22 UNESCO Intangible Cultural Heritages in Japan

Japan is a land filled with interesting cultures. To recognise and perserve these cultures from dying, UNESCO had inscribed 22 Intangible Cultural Heritages in Japan.


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1. Kabuki Theatre (2008)

A famous traditional Japanese theatre, Kabuki was first introduced in the Edo period, about early of 17th century. The theatre soon became popular with the townspeople after its introduction. Kabuki plays usually are related to historical events or conflict from a relationship.

2. Ningyo Johruri Bunraku Puppet Theatre (2008)

Ranking with Nô and Kabuki as one of Japan’s foremost stage arts, the Ningyo Johruri Bunraku puppet theatre is a blend of sung narrative, instrumental accompaniment and puppet drama. This theatrical form emerged during the early Edo period (ca. 1600) when puppetry was coupled with Johruri, a popular fifteenth-century narrative genre. The plots related in this new form of puppet theatre derived from two principal sources: historical plays set in feudal times (Jidaimono) and contemporary dramas exploring the conflict between affairs of the heart and social obligation (Sewamono).


3. Nôgaku Theatre (2008)

Originated in the 18th century, Nôgaku Theatre gained its popularity in the 14th and 15th centuries. The theater often presents plays based on Japanese traditional literature. It is a dance-based performance which includes traditional costumes, masks and various other props. Nôgaku Theatre comprises two different types of performances – Noh and Kyogen.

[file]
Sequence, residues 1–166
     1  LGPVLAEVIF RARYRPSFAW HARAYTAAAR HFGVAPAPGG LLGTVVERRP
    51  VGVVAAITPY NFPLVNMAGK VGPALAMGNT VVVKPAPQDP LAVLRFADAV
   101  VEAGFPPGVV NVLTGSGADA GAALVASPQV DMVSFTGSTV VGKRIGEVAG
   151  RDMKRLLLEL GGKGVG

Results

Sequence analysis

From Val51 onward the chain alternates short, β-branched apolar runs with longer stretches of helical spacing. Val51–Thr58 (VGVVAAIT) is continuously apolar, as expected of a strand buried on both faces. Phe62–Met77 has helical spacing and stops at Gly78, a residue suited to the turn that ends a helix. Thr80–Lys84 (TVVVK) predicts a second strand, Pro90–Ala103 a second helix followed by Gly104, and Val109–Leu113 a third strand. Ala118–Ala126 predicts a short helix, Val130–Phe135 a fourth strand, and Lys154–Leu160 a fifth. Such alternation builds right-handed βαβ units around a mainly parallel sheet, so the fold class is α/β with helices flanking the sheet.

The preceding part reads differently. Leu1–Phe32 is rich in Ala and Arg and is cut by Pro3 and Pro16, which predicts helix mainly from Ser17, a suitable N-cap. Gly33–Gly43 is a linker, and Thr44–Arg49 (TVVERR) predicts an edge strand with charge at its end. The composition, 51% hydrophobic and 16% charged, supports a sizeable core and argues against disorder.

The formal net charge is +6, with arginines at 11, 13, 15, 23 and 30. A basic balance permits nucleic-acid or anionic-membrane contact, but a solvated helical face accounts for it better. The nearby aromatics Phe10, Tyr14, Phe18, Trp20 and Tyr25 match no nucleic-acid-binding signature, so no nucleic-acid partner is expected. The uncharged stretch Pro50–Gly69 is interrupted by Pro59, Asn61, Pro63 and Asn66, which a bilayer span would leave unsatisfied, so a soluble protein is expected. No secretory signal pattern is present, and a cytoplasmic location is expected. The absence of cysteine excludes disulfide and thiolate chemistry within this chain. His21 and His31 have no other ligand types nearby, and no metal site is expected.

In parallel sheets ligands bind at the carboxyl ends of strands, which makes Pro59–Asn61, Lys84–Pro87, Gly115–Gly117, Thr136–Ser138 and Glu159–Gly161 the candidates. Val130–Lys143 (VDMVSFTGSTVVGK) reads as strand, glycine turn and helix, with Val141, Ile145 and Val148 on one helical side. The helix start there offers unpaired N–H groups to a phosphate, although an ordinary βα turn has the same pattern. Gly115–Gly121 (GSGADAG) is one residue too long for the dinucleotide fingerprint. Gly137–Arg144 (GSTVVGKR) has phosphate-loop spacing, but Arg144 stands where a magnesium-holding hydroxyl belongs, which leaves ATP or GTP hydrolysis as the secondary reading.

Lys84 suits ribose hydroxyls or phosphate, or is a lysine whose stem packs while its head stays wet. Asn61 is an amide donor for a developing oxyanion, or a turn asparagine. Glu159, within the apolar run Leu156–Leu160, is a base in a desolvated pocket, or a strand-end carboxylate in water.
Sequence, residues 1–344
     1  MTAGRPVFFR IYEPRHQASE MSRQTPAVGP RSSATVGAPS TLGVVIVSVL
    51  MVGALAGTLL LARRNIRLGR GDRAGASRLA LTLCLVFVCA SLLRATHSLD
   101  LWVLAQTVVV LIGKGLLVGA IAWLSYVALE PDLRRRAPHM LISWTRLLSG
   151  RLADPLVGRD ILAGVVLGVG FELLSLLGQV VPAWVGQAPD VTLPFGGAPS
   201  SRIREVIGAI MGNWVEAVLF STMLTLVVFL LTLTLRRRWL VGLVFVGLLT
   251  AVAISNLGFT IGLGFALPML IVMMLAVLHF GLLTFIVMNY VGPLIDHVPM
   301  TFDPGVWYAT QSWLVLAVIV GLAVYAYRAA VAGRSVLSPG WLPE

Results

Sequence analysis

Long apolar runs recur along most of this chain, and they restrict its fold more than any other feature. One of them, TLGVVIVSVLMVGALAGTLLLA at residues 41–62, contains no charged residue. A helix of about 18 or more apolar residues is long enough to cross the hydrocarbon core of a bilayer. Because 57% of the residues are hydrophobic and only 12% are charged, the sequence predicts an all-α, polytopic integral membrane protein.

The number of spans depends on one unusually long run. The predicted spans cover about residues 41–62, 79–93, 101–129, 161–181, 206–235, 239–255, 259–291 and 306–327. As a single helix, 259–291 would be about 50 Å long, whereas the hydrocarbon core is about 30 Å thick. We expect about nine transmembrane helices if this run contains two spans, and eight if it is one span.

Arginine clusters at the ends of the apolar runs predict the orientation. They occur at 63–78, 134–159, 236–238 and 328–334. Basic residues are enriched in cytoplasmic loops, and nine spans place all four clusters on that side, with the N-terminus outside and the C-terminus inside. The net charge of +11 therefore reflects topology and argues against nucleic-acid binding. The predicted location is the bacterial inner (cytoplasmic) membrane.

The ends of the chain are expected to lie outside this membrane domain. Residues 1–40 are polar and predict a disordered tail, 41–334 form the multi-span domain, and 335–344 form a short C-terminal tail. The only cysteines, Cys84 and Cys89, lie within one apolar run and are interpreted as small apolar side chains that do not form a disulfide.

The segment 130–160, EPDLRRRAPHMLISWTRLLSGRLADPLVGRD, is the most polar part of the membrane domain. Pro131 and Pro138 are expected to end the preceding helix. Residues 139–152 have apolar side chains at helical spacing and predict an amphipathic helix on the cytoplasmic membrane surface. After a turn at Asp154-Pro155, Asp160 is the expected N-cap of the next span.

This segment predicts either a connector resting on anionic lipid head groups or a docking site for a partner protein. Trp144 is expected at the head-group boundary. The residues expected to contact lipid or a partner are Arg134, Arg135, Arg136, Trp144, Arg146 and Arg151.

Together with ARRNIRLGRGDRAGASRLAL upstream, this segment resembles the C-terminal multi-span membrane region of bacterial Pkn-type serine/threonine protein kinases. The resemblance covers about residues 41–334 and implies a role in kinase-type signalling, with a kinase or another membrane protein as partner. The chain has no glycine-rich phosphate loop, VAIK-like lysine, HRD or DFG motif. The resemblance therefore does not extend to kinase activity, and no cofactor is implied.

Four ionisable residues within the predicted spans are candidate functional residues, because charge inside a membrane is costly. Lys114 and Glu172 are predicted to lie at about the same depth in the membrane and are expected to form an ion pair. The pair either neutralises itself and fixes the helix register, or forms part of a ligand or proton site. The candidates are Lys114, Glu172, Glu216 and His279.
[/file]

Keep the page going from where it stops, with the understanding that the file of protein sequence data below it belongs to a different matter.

4. Akiu no Taue Odori (2009)


Akiu no Taue Odori is a traditional rice-planting festival, where residents perform a ritual dance praying for good harvest. It takes place in the spring or autumn, and 10 women in colourful kimonos together with either two or four men perform the beautiful dance. It is also known as a folk performance art.

5. Chakkirako (2009)



Chakkirako is a festival held annually on 15 January in Miura City, Misaki. It is a traditional event where little girls between ages 5 to 12 perform dances holding bamboo sticks (chakkirako) and traditional Japanese fans.

6. Daimokutate (2009)

Daimokutate is a medieval performing art on stage performed since 1300 A.D.. Now it is done on the eve of Yahashira Jinja Autumn Festival. It is a performance of only speech with a unique intonation and with no music or action accompaniment.


7. Dainichido Bugaku (2009)

According to legend, travelling performers of bugaku, the ritual dance and music of the imperial palace, visited Hachimantai Town in northern Japan in the early eighth century, during the reconstruction of Dainichido, the shrine pavilion. The ritual performance of Dainichido Bugaku takes its name from this story, but the art evolved considerably since, reflecting local features as elders transmitted it to the young within each of the four local communities of Osato, Azukisawa, Nagamine and Taniuchi. On the second day of each year, the 2 January, the people of these communities proceed from dedicated sites to the shrine, where they perform nine sacred dances from dawn to noon as a prayer for happiness in the New Year.


8. Gagaku (2009)

Gagaku, characterized by long, slow songs and dance-like movements, is the oldest of the Japanese traditional performing arts. It is performed at banquets and ceremonies in the Imperial Palace and in theatres throughout the country, and encompasses three distinct arts.


9. Hayachine Kagura (2009)


Kagura, or “god-entertainment,” is a type of Shinto theatrical dance found throughout Japan. Kagura dancers are not professional performers; rather, they are local residents with other full time jobs, such as public employees, business owners, farmers, and carpenters. They would visit local homes and perform to pray for an abundant harvest, peace, and prosperity.


10. Hitachi Furyumono (2009)